On October 10, Russia announced that it will not be renewing the Nunn-Lugar Act in June 2013. Russian withdrawal from the 1991 Nunn-Lugar agreement does not necessarily signify an end to the agreement, nor to US-Russian cooperation; it does, however, complicate diplomatic processes.
Nunn-Lugar, otherwise known as the Cooperative Threat Reduction(CTR) program, is an innovative, bi-partisan solution to the problem of “loose nukes” that was widespread following the collapse of the Soviet Union in the 1990’s. The original agreement absolved the US of any liability while conducting work in Russia. If any accident were to occur in the process of dismantling Russian weapons, the US and its contractors would not, under any circumstances, be held responsible. In lieu of this and a strengthened Russian economy, a Russian insider now claims “the agreement is thoroughly discriminating. It fails to take into account the changes that took place in the world after its signing in the 1990s.”
At the Act’s inception, the former Soviet states were in disarray – financially and politically. They did not have the resources nor the organizational capacity to dismantle and safeguard weapons of mass destruction, especially for compliance with the July 1991 Strategic Arms Reduction Treaty (START). Cooperative Threat Reduction has been essential in ensuring that Russia holds up its end of the treaty. It was created to make sure dangerous materials, or weapons themselves, do not end up in the hands of terrorists. To date, CTR has deactivated 7,610 warheads and has removed all nuclear weapons from Ukraine, Kazakhstan and Belarus (among other successes).
Despite Russia’s withdrawal, the Cooperative Threat Reduction program will still have opportunities to improve the security of nuclear, chemical and biological materials in other nations. In 2003, Congress passed the Nunn-Lugar Expansion Act; this gave the program the freedom to address proliferation problems outside of the former Soviet Union. The US can still utilize the program’s bureaucratic know-how to be an effective world steward and stop terrorist acquisition of weapons of mass destruction. Whether Congress will see the importance of this program when it does not include Russia, the nation with the “largest WMD repository in the world”, remains to be seen.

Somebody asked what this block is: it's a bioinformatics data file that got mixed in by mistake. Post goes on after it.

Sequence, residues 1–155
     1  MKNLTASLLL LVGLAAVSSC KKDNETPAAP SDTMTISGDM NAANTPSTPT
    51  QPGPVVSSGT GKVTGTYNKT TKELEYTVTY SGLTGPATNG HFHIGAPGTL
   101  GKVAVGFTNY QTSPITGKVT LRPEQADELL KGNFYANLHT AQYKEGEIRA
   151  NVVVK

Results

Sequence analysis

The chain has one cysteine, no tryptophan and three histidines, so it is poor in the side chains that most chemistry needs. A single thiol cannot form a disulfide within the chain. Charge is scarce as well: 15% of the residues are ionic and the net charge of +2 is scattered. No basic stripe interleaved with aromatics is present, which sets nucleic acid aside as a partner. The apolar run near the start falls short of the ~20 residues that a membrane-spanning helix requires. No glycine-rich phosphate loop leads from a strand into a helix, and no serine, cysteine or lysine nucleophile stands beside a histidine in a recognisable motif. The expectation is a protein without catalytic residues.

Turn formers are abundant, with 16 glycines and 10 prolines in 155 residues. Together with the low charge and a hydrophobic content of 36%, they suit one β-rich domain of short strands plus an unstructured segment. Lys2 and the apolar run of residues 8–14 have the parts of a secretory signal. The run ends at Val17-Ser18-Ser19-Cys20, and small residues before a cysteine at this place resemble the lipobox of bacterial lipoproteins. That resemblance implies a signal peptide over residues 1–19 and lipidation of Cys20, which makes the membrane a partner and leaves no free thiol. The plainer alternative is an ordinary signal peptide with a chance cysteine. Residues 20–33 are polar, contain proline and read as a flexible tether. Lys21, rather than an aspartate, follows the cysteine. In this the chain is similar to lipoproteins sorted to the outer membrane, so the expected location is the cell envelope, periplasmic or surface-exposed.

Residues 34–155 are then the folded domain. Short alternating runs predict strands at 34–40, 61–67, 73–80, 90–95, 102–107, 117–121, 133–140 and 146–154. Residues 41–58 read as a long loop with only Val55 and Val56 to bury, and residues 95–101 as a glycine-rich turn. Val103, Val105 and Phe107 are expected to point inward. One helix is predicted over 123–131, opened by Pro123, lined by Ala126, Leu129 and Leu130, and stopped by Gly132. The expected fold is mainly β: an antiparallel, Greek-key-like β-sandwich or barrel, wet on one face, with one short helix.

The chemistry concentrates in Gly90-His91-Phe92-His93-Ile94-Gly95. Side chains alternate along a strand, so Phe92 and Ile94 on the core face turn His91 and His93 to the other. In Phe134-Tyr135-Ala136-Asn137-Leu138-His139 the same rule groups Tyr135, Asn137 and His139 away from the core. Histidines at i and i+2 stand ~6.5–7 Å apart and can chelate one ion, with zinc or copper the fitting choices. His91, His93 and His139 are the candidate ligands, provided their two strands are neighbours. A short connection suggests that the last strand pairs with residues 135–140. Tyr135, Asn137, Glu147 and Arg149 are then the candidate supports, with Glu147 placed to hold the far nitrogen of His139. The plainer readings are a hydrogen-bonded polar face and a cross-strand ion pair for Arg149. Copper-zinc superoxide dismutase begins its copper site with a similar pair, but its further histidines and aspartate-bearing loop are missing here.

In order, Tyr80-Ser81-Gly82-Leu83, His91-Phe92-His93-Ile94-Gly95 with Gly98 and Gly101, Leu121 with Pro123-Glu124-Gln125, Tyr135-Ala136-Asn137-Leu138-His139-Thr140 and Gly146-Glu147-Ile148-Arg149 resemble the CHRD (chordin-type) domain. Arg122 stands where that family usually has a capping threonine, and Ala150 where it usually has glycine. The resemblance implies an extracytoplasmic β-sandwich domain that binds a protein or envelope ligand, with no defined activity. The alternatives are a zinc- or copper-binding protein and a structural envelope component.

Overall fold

Russia’s rejection of the American proposal comes amidst its recent expulsion of US-led humanitarian aid group, USAID. This trend reflects the tense current relations between the US and Russia, due largely to conflicts about how to deal with Iran and Syria. However despite any diplomatic conflicts, nuclear security remains a large concern for the United States’ national security. We can only hope that for our sake, and for the world’s, that Russia will follow through with its claims to independently continue the programs associated with Nunn-Lugar and allocate the necessary funding.
“It is now impossible to overlook the “new” realities that look a lot like the old ones from the Cold War,” writes Jeffrey Lewis in his Foreign Policy article “Bar Nunn.” Relations between Russia and the US are certainly more strained than they have been in recent years; luckily, however, Nunn-Lugar has, for 21 years, made the world safer than it was during the Cold War. Though some outdated views from decades ago remain, a reinvigorated Cold War is extremely unlikely.
Our cooperation with Russia has taken a hit, but as William Tobey, of the Harvard Kennedy School’s Belfer Center, notes, there are still many ways the US and Russia can partner to reduce the dangers of weapons of mass destruction in the world. We cannot stop fighting for a safer world, no matter how challenging it is. Russia will never align with American world views 100%, but it is clear the security of weapons of mass destruction is in all of our best interests.